The prolific artist Franco, who died in 1989, is still a central figure in Congolese music. The compilation Guitar Hero pays tribute to the rumba giant with an unusual collection of songs remastered with debateable dexterity.
Some CD covers have an eye-catching charm that invites you to take a listen. The sober design and harmonious colours that grace the jacket of Guitar Hero with a retro portrait of Franco open up a tantalising door to step back in time three or four decades.
The flipside of the CD tells us that the nine tracks have been “remastered for the first time since their original vinyl release”. Seductive, though not quite true, since some of the titles have in fact appeared on compilations devoted to the Great Franco over the last fifteen years. Nevertheless, the songs are rare market commodities and it’s refreshing to see a tribute to the standard-bearer of rumba, whose works tend to get lumped in the same place.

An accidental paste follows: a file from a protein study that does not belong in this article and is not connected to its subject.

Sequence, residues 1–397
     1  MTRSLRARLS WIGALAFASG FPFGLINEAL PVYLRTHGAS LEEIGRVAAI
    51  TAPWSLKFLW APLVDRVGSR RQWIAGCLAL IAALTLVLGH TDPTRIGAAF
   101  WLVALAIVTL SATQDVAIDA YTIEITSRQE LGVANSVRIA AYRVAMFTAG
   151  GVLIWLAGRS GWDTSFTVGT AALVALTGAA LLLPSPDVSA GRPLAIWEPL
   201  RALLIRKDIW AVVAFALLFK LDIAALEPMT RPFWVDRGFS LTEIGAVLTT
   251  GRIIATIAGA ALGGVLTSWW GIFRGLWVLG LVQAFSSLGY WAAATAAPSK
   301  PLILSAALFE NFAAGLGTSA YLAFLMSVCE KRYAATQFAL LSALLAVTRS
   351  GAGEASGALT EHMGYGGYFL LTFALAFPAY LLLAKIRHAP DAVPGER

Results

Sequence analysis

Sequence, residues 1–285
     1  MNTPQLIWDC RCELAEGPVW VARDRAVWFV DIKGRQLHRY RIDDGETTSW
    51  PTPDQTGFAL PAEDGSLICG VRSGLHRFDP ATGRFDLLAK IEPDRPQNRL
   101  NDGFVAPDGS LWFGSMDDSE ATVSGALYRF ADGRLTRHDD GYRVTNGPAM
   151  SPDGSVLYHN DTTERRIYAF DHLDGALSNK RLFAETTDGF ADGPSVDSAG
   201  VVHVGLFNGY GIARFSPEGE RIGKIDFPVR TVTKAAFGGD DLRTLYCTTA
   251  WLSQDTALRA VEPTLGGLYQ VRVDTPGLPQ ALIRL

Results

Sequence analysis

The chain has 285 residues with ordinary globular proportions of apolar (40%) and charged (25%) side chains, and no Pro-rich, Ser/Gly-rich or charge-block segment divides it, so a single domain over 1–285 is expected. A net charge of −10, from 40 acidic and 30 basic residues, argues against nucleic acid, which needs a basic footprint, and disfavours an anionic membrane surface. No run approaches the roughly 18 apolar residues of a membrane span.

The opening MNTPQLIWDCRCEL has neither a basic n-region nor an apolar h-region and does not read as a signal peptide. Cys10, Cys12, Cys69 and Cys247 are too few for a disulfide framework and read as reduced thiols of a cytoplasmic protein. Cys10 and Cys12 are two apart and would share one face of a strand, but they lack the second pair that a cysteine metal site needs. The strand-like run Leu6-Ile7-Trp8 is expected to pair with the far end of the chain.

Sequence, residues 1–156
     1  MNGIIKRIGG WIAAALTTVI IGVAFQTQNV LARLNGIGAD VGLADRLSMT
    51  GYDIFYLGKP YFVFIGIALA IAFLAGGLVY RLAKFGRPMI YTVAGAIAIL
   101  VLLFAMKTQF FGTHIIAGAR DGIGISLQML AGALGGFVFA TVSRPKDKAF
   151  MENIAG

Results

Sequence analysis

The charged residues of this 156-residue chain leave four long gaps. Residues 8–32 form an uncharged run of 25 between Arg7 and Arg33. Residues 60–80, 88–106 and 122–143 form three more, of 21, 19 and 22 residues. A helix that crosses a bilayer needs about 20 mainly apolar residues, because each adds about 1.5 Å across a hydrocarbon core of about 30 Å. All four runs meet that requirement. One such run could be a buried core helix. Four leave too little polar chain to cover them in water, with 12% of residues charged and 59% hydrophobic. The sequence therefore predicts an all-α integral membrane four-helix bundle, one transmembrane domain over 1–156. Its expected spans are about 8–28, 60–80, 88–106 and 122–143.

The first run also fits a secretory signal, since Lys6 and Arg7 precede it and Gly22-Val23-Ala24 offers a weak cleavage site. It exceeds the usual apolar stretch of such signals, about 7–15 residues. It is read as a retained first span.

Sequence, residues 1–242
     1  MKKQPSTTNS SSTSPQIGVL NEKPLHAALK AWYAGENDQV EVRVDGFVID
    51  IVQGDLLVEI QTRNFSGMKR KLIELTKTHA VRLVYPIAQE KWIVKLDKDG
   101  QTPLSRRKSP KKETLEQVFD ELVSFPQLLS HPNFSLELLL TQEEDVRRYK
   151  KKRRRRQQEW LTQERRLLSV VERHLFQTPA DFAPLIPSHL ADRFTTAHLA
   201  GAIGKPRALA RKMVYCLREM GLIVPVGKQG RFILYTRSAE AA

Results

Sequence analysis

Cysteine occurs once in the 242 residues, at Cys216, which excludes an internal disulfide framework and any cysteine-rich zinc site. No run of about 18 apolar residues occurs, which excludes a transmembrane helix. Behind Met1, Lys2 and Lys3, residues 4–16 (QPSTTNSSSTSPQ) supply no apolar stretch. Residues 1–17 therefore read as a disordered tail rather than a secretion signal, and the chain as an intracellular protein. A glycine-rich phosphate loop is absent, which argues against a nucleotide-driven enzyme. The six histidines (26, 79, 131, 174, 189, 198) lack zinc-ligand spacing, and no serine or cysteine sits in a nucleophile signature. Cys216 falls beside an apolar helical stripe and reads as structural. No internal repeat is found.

Some have been released under the names of those interpreting them, like Ce n’est pas possible, Chouchou sporting the voice of Vicky Longomba, father of the soukouss techno king Awilo Longomba. Ntesa Dalienst was also one of the singers with Franco’s OK Jazz band, which he joined in 1976, recording Tala Ye Na Miso the following year.
Almost everything on Guitar Hero comes from that same era. The reign of the “guitar wizard”, as Franco is often called, was at its height. With his instrument, onto which he transposed some of the likembe (thumb piano) playing, he developed a style that contributed to his fame. What a shame to see this musical aspect of his career strangely absent from the compilation.
Très impoli is a sixteen-minute slice of pleasure, and not this quarter-sized version (only 3'47), with its incandescent solos chopped off. The same goes for Zenaba, which is shrunken and devoid of the second part, which appeared on the B-side of the original single. The most serious charge, though, is that rubbing out the crackling stylus to obtain a “cleaner” sound has caused collateral damage. The instruments have lost their attack, resulting in a less dynamic sound bereft of nuance. Digital technology is an unquestionable ally for raising forgotten disks out of the depths, but only when used with skill.
Franco Guitar Hero (Cantos / Pias) 2011